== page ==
If you want ĉ ĝ ĥ ĵ ŝ ŭ...
That is an app for computers, really useful for windows to type esperanto characters. I hope it will be usefull :DD
Also thanks Esperanto team :')
You can just type the Latin letter with an "x" after it, and it works just fine. (It shows it as a typo, but marks it correct.) http://gyazo.com/fe201a7d44f3bd8ca940095ea4d5e99d
This is actually a way people type Esperanto without using a special keyboard, btw, it isn't just a glitch. :P
I found using the compose key on linux to be painful, and (not that I tried very hard but) couldn't find anything corresponding to Tajpi for linux, so I just made a very small chrome extension https://github.com/jcreedcmu/anstatauxi to do x-system replacement in duolingo as you type.
I also put it on the chrome web store: https://chrome.google.com/webstore/detail/anstatauxi/geffaabblpcfabmjdoipmfplglceofgj
bonan revidon al vi ankaŭ :) mi ne supozis ke mi estas tiom memorebla...
And I'm sure you've got to be tired of hearing it, but congratulations on getting this out the door! Very impressed at the amount of content, how few errors there seem to be (but I've definitely been reporting any that I can find! :) Great work!
For Mac computers, you have some options:
- Use the U.S. Extended keyboard, which allows you to add an accent onto all the relevant characters. (Go to the System Preferences under the Apple symbol in the Menu, then the Keyboard Preference Panel, then click the + sign and select U.S. Extended). Then, you can add the accent mark by pressing the Option and 6 (^) key simultaneously, and then pressing the letter you want.
- You can also install a custom Esperanto keyboard linked to in the Tips and Notes, which will turn the keys of letters not in Esperanto like Q and X into the relevant characters.
If you don't like one of the mac keyboards with EO characters available in the net:
On the mac, keyboard arrangements are simple XML files, so you can easily edit your favorite one to include all the characters/functions you like. If you feel uncomfortable editing text files, you can also use the graphical program Ukulele to create 'your perfect keyboard' interactively.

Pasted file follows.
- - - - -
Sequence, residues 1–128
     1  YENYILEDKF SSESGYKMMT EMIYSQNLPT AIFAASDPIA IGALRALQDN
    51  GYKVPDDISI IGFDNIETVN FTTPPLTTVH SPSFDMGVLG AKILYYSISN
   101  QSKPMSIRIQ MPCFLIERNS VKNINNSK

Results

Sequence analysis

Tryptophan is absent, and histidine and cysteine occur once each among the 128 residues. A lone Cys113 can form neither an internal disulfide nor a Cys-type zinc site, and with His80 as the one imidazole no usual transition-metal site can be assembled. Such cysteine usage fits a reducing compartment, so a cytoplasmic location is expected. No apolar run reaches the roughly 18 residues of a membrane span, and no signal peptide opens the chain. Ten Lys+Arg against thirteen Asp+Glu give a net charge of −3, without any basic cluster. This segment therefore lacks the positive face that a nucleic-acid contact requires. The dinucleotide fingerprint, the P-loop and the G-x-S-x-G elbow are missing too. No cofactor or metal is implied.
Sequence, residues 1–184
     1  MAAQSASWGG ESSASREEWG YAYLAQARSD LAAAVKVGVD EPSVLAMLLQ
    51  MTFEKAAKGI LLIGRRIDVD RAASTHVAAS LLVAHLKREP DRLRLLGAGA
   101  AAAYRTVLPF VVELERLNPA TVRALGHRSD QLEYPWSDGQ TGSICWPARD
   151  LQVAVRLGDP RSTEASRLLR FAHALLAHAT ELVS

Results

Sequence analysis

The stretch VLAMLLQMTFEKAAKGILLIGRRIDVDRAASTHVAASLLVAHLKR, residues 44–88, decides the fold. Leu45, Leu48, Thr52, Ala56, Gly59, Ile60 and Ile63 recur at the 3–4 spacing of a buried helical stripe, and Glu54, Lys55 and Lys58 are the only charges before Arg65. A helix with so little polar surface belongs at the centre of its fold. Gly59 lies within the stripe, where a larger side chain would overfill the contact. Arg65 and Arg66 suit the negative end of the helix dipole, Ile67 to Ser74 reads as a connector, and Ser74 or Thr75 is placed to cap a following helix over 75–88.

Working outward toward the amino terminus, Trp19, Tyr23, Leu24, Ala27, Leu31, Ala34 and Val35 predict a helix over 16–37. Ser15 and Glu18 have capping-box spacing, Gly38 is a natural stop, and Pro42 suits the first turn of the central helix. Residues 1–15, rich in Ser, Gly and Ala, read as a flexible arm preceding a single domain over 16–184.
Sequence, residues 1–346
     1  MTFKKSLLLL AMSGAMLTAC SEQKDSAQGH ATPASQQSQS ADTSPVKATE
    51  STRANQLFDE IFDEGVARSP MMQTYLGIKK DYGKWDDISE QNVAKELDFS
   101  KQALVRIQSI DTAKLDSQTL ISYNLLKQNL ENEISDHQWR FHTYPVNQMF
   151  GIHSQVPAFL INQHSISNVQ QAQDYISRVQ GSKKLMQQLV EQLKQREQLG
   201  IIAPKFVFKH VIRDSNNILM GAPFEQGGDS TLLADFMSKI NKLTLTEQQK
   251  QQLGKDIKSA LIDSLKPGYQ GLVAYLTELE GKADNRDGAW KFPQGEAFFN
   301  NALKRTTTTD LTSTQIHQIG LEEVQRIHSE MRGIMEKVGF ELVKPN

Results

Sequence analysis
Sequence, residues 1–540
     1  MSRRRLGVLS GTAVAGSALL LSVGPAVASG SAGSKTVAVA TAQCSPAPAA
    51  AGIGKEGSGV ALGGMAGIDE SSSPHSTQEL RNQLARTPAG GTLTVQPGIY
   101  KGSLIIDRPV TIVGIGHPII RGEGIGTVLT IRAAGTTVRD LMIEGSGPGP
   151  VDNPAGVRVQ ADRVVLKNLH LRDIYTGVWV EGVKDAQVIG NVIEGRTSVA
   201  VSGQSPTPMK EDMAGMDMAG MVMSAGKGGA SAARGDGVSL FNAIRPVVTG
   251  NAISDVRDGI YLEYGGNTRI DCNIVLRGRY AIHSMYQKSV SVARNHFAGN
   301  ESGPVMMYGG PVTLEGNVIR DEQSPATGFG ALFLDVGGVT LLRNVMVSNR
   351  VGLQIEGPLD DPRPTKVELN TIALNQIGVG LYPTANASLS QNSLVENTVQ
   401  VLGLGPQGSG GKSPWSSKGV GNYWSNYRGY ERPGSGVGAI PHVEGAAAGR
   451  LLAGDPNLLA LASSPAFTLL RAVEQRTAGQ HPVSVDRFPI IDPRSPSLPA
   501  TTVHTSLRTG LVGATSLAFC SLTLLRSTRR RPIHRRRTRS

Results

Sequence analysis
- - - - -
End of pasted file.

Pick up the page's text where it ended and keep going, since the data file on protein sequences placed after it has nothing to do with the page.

For speakers of languages in addition to Esperanto, there are other compose key programs such as AllChars and WinCompose which achieve similar goals but with a much wider array of characters.
For US keyboard layouts on Debian-derivative Linux distributions, you can add the right ALT key as a compose character. Edit the /etc/defaults/keyboard file, updating "XKBVARIANT=altgr-intl". If you don't want to wait for your next reboot to start using it, you can also run "setxkbmap us altgr-intl" to affect the change immediately (but doing only this will not make the change permanent).
Right ALT + 6 (release) C = ĉ
Right ALT + 6 (release) SHIFT + C = Ĉ
Repeat this pattern for ĝ, ĥ, ĵ, and ŝ.
Right ALT + SHIFT + 9 (release) U = ŭ
Personally, I hate the CAPSLOCK key and feel it should be a control character, so my keyboard file also contains "XKBOPTIONS=ctrl:nocaps".
My new favorite keyboard configuration for Debian-derivative Linux systems offers keyboard layout switching by tapping LSHIFT+RSHIFT as well as Unicode markup.
For Ĉ̂, you type C RALT+SHIFT+6, or alternatively switch to the Esperanto keyboard layout by tapping both SHIFT keys. Be sure to use the basic variant as a fallback, otherwise the ALTGR style keys won't work for the US keyboard. You can review what layouts, variants, and options are available by consulting the following file:
Edit, reboot. Or alternatively, just test it out in your current session:
setxkbmap -layout us,epo -variant intl-unicode,basic -option grp:shifts_toggle -option grp_led:caps
This depends on your OS. There should be Esperanto keyboards for every popular OS on the internet, if your OS does not come with one.
Linuxen come with an Esperanto keyboard installed, just add it in your Settings, OR if you want to keep your key positions, activate "Add Esperanto circumflex characters" in the Options, OR if you're even not content with that, connect keys and characters at your will i.e. with setxkb. (No admin rights needed for all these options.)
OS X: Put a name.keylayout file (these are simple xml files, no executable code) into ~/Library/Keyboard Layouts/ . One option is the iksoj keyboard from http://meeuw.org/osx/ OR create your own your.keyboard file modelled from one in /Library/... OR create your own keyboard interactively with ukulele http://scripts.sil.org/cms/scripts/page.php?site_id=nrsiid=ukelele OR use the US Extended / ABC extended keyboard and type ^+letter (^=⌥+6, breve=⌥+b), similar options exist for other national keyboards (No admin rights needed for all these options.)
Redmond OSes: Ask google, maybe this is helpful for you http://millikeys.sourceforge.net/asset/esperanto.html, but there are some DLLs in the archive files for some reason. Last time I used one of these systems (years ago), keyboards were simple text files like in the other OSs, but maybe that was giving the user too much control over his property. There seems to be a program called Microsoft Keyboard Creator that does something similar as Ukulele https://msdn.microsoft.com/en-us/globalization/keyboardlayouts.aspx
Android: My phone includes Esperanto characters out of the box.
IOs: There seem to be Esperanto keyboards in the app store, I don't have such a phone.